Monday, September 26, 2016

Faith & Fear

Here is another AA heresy. One of the platitudes in AA is that “faith and fear cannot occupy the same place.” But it’s not true. We do people a disservice when we say that. 

People of faith also have fear.
Moses had fear in the desert.
Daniel had fear in the lion’s den.
Jesus had awful fear; he sweated blood at Gethsemane.

Faith is not the absence of fear. Faith is doing the next sober thing even while feeling terrible, awful fear.

Lots more on faith and fear in "Out of the Woods--A Guide to Long-term Recovery" published by Central Recovery Press.

Wednesday, September 14, 2016

Shopping for Clothes--Passion or Addiction?

More than two hundred years ago the poet, William Wordsworth, wrote, “The world is too much with us; getting and spending we lay waste our powers.” 

Many women in long-term recovery would agree with him. Long after we gave up the drink or pills or food we are still –maybe secretly—struggling with too many trips to the mall or late night online shopping carts--and painfully joking that, “My name is Diane and I am a
shoe addict.”

Yes, it may be true that no one dies from a shoe overdose but it’s also true that we are not “happy, joyous and free” when we are ashamed or afraid because of our money or shopping issues.

This time of year is a delight for those who love clothes, and maybe a minefield of triggers for those who over spend or who are still crafting an identity in recovery. The fall fashion magazines are fat with dreams and danger, and they, of course, luring us to shop.

In “Out of the Woods”, my book for women in long-term recovery, I write about clothes, and shoes and even how some women may use/overuse cosmetics in recovery. It’s light-hearted but also deadly serious. As our growth continues it can be easy to switch from a chemical addiction to a behavioral one. It’s all about our motives, and honesty, and self-care and how crucial it is to keep talking to other women in recovery.

(Yes, I too have spent time in a meeting checking out another woman’s clothes instead of listening to the speaker’s message.) 

I love clothes and that is no longer something I feel shame about. Style and fashion are art forms and passions, and like any other passion they have an exciting, enriching side and also a dark, worrisome side.  We need to have ongoing vigilance about all parts of our lives and that can mean both emotional and sartorial inventories. 

Shopping and clothing are women’s issues and that means they are issues for women in recovery as well. We are all included—my sisters who shop too much, and those who fear the mall and the mirror as well. The good news is that if we talk about it we can laugh and heal at the same time.


Sunday, September 04, 2016

Yoga and Recovery

Throughout my years of recovery I have always had a physical practice: I jogged, danced, swam, did aerobics and I walked, and walked and walked. I grew up doing yoga—My mother was a Lilias fan (the television yoga teacher) and we did yoga on the living room floor after school.

So it took me years to discover/rediscover yoga within my recovery. I mean, I had to let go of that old home-grown stuff right? Except that my mother, in addition to her Dexedrine habit, had a yoga habit too. (Yes, life and recovery have a lot of gray, and a lot of contradictions.) 

So I walked away and then I came back. 

I came back to yoga at about my 4th year of recovery. My friend Hilary was taking yoga
classes in our Baltimore, Maryland neighborhood and invited me. I went along and had some big surprises. This yoga teacher—Josephine—was doing some things that I had not seen before: she stopped after every couple of postures and invited us to close our eyes and “go inside”. Yikes—I was great at balance and stretch and the choreography but not so good at the “go inside” part. Yes, early recovery.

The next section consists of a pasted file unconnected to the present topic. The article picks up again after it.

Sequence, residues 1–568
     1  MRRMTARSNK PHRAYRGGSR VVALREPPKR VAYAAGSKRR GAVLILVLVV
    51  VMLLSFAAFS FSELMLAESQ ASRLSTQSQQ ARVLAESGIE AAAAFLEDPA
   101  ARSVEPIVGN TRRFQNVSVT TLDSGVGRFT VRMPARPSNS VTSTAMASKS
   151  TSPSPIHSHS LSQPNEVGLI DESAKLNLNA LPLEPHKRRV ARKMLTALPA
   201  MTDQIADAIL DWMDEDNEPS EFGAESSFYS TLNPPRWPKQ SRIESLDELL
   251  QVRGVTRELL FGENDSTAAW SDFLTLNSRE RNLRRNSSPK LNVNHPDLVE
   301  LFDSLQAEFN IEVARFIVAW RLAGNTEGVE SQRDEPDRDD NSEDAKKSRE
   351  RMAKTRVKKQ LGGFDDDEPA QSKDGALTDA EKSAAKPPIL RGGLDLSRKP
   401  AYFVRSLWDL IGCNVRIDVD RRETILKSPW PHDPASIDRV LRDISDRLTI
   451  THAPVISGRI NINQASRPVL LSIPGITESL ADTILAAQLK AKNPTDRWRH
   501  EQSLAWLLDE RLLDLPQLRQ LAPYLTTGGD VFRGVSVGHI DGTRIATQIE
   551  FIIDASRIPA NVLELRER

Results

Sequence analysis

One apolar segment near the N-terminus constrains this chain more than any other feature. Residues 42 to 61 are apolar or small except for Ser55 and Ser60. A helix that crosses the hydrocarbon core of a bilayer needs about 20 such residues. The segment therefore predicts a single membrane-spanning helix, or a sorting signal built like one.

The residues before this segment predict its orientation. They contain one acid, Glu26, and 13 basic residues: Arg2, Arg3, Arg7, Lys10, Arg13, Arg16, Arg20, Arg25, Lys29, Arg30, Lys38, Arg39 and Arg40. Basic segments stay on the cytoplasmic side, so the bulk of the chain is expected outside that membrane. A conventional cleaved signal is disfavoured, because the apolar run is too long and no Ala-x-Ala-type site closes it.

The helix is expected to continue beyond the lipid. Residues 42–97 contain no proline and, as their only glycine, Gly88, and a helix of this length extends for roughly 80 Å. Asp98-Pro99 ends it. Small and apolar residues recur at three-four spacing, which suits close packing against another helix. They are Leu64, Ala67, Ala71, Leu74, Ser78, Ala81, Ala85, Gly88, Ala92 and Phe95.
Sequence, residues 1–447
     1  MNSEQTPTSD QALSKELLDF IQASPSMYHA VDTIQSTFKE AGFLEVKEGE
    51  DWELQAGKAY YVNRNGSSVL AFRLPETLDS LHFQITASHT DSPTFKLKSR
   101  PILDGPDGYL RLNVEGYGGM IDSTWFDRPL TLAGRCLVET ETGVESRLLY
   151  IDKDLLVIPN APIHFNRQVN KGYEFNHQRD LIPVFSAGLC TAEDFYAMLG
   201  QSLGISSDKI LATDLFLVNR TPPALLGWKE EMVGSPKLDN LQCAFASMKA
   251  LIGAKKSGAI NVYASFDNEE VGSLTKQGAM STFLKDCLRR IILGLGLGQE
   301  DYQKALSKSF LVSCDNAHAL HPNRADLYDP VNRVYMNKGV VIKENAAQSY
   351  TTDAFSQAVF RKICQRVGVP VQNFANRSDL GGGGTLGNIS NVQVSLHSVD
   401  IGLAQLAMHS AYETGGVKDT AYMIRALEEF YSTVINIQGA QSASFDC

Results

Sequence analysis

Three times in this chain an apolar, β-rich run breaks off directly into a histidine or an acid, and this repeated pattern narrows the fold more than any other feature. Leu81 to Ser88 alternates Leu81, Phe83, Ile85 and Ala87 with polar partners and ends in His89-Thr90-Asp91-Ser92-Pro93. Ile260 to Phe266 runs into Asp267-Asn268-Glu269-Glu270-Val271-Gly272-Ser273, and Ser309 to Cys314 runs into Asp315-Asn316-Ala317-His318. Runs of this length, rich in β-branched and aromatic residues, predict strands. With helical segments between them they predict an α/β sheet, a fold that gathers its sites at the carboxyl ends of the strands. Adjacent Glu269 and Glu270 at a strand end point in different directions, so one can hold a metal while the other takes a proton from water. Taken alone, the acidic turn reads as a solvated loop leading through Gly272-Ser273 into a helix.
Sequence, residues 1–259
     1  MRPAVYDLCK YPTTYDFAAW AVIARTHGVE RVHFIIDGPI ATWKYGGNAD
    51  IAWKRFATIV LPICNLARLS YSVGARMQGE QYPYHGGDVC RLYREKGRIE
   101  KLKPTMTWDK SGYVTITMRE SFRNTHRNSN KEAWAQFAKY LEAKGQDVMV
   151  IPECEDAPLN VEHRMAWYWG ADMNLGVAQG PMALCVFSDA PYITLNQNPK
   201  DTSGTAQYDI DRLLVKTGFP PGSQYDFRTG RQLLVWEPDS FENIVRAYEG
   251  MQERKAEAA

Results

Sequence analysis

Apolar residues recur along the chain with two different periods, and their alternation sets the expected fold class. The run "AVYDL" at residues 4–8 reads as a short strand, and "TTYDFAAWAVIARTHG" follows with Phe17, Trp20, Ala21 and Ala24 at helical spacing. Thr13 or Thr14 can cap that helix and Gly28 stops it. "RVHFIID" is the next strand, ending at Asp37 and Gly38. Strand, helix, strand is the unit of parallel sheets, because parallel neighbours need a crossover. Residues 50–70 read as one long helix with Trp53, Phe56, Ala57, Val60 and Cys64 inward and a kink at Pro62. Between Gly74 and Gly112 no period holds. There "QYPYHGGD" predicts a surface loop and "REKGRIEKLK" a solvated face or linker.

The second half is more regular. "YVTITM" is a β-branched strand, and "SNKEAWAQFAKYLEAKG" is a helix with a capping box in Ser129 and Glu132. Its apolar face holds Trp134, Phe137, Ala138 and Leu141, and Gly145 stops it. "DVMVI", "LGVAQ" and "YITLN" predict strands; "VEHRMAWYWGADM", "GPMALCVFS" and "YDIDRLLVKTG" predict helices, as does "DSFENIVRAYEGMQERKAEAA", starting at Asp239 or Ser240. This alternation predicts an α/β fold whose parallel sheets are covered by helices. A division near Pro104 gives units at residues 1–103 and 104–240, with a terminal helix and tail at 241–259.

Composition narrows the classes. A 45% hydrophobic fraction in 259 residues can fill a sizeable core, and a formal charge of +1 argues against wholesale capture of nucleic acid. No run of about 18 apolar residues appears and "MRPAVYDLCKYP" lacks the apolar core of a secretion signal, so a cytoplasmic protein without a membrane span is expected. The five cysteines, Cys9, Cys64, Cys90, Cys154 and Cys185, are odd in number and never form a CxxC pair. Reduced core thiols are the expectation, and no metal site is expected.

But on those Thursday nights I slept better and Fridays at work were always good, and when I went to therapy I talked about what I saw and heard when did “go inside” at yoga class.

Our yoga teacher would occasionally cancel her class to go to the Berkshires to study with her teacher. And that was news too—that yoga teachers had teachers, just like therapists had supervisors. It made sense. And when Josephine came back to Baltimore, each time she was a better teacher and our classes went deeper and there were new things to learn and try.

Flash forward thirty years. I learned that the place in the Berkshires was the Kripalu Yoga Center. I moved to Albany, New York and discovered that Kripalu Center was just a short drive away. I began to go there as a tourist—for classes and workshops and retreats. I loved it, and the yoga of years before, and the newer practice began to click.

Then this year I took a big—seemingly confusing—but inevitable step—I signed up for Yoga Teacher Training at Kripalu. And after nine incredible, scary, revealing, challenging and invigorating weeks I received my certification as a Registered Yoga Teacher.

I never saw that coming, just as I never saw a happy marriage coming, or a career that includes managing a nonprofit and writing three books, and three blogs. That’s the beauty of recovery, and a little bit of what we mean when we say, “Don’t leave before the miracle happens.” 

And now yoga is a central part of my recovery, and day-by-day they are integrated.

I see all the beautiful pictures that yogi’s post of elegant, elastic poses in nature—images on
the beach in tights and tanks, and balancing on one foot. And they do inspire me. But today I know that my truly powerful yoga poses are the pictures of me in a dress and blazer, balancing work and writing, and being stretched between marriage and the podium. That’s where I see the deepest results of my yoga—not on the mat, but deeply engaged in a teetering, challenging life. And I am so grateful.

Saturday, August 20, 2016

Forgiveness--Letting Go of Revenge

It’s just so tempting to want revenge. Whether a supposed friend hurt you, or a partner cheated on you, or a coworker undermined your work—you want to get even. Betrayal is the
most awful feeling, and the thoughts and fantasies of revenge can indeed feel so sweet.